I will happily talk to the hon. Member offline about the extensive vaccine pipeline that we are in the process of procuring. It includes next-generation mRNA vaccines for both flu and the next phase of covid. We are ahead of the curve on the next phase, as we were during the pandemic.
My hon. Friend highlights the amount of opportunities that are coming to constituencies such as his in Staffordshire. I would be delighted to meet him to talk more about them.
I assure the hon. and learned Lady that we fully support the transition in the North sea transition deal and the oil and gas sector, whereas her party and the Greens are seeking to destroy it and destroy jobs. That is the fact that I want to raise here.
Energy security is an absolute priority for the Government. Our exposure to global gas prices underscores the importance of not only our own UK North sea gas production but building a strong renewables sector to reduce our reliance on energy imports in the first place. To that end, we recently published both a comprehensive net zero strategy and the North sea transition deal.
The hon. Gentleman will appreciate that issues of settlement and asylum are ably dealt with by my right hon. Friend the Home Secretary. I engage with her constantly in respect of employment schemes for people who wish to come into this country.
As the current energy Minister and the former exports Minister, I agree entirely with my hon. Friend on the export potential of the Rolls-Royce SMR technology, which has the potential to provide levelling-up jobs precisely in areas such as north Wales, as he so ably urges.
Last week was the ninth anniversary of the death of Ella Adoo-Kissi-Debrah, a nine-year-old girl who died following an asthma attack brought on by toxic air on a busy road on the South Circular. Our towns and cities need low and non-carbon transport solutions. We all know that electric cars are expensive, but second-hand electric cars are seldom available, which means that each car needs to be purchased from new. The current maximum Government grant for part-purchasing a new electric car is just not enough.
The death of the hon. Lady’s young constituent bears heavily on all of us as London Members of Parliament. I remind her that the principal responsibility for air quality in London rests with the Mayor of London. On the action that we are taking to encourage more low-carbon and zero-carbon vehicles, we have announced: the phasing out of petrol and diesel-driven cars; a big investment in our electric vehicle charging infrastructure; and a big move to hydrogen-powered vehicles. Work in these areas will see low and zero-carbon vehicles become the future of urban transport in this country.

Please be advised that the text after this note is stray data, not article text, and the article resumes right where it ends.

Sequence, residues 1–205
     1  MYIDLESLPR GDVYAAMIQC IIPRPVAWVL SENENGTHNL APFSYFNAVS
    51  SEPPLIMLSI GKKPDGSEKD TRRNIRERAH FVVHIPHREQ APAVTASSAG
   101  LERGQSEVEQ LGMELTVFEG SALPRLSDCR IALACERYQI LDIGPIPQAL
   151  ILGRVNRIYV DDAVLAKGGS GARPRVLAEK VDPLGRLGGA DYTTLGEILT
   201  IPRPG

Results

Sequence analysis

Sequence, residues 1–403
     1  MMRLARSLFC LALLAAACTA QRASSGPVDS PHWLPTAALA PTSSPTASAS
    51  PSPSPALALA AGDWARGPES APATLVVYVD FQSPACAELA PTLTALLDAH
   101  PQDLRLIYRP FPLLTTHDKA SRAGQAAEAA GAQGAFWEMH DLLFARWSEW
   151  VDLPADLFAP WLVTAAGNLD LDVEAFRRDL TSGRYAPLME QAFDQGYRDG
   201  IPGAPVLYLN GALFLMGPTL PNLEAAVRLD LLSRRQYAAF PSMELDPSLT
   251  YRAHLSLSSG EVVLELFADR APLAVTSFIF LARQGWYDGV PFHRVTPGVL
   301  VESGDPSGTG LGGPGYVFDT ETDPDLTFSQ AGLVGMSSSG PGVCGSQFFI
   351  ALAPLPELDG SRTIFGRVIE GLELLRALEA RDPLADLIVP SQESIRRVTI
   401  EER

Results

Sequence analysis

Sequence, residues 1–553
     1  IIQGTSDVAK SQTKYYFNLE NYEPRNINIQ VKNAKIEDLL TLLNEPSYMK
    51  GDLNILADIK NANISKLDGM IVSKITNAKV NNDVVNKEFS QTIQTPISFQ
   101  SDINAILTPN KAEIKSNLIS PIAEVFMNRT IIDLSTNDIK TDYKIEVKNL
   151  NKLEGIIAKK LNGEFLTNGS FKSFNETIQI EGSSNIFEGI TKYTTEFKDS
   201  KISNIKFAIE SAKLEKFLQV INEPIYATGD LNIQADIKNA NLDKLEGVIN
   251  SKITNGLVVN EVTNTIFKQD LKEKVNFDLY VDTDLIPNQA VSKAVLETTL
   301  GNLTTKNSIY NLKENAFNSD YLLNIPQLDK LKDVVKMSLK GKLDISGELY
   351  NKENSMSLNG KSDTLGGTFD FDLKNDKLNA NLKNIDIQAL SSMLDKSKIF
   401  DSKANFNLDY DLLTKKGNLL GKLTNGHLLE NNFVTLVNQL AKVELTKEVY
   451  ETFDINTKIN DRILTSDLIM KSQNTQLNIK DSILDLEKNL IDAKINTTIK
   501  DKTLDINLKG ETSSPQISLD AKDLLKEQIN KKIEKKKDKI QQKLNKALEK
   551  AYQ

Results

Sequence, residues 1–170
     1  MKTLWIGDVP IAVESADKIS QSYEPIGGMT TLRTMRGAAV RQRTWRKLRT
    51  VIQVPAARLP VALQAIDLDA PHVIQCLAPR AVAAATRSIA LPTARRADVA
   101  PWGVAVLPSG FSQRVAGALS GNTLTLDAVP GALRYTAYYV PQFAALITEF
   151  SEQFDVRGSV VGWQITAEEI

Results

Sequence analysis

My right hon. Friend makes an important point, which I would be keen to talk to him about. Although that is a Department for Digital, Culture, Media and Sport lead, we are tightening up on the intellectual property provisions, and we are minded to proceed with that legislation.
Unscrupulous employers have used the pandemic to slash their loyal workforce’s terms and conditions and threaten them with the sack. Court cases have been lost by Uber and more recently by Tesco, yet all we have from this Government are platitudes. They have done absolutely nothing to stop brutal fire and rehire practices. Will the Government’s much-fabled Employment Bill finally ban them once and for all?
This Government have been really clear that such practices should not be used as bully-boy negotiating tactics. Employers should refer to the strengthened ACAS guidance that sets out that dismissal and re-engagement should be considered only as an option of last resort.
My hon. Friend is an outspoken advocate for the Cornish cluster, which is growing fast. In addition to our groundbreaking pledge to increase investment in R&D outside the golden triangle to 55%, we are specifically investing in the South West Centre of Excellence in Satellite Applications, the Newquay Spaceport and work with the University of Exeter and Virgin Orbit. This is an exciting time for the Cornish economy.
Yesterday, the Prime Minister said that workers in the UK should learn from Germany, where workers do not have a habit of going into work when not well. Will the Minister learn from the German Government and bring in statutory sick pay that covers 100% of workers’ salaries instead of the measly 90% that is covered in the UK, which leaves so many workers in the terrible position of having to do the responsible thing of isolating while being sick and not being able to put food on the table? On that point, will the Minister take this opportunity—
Order. Mr McDonald, I gave you the privilege of getting in. Questions are meant to be brief. There are two other people who have to come in as well; it is not just about you.
During isolation, we made it easier to claim statutory sick pay. We also changed universal credit to make it easier to claim and more generous. We continue to support people as this pandemic becomes endemic.
Last year I organised the first ever High Peak jobs and apprenticeships fair, working with organisations such as Buxton & Leek College and fantastic employers such as Tarmac, Breedon Group and Ferodo. It was a huge success, with hundreds attending and many reporting that they had found jobs as a result, so I am delighted to announce the second High Peak jobs and apprenticeships fair, and I would love to invite the Minister to attend.
I am very grateful to my hon. Friend and will be delighted to attend if I can.
The Government hate a monopoly, so can the Minister come to the Dispatch Box and tell my constituents who are former employees of Together Energy why his Government are using the energy crisis to create an energy monopoly by the big players, as opposed to small and medium-sized providers?
As I have maintained on a number of occasions, the hon. Gentleman’s party is a jobs destroyer in the energy sector, refusing to countenance any investment in the North sea, and in alliance with the Greens, who want to destroy jobs in the sector.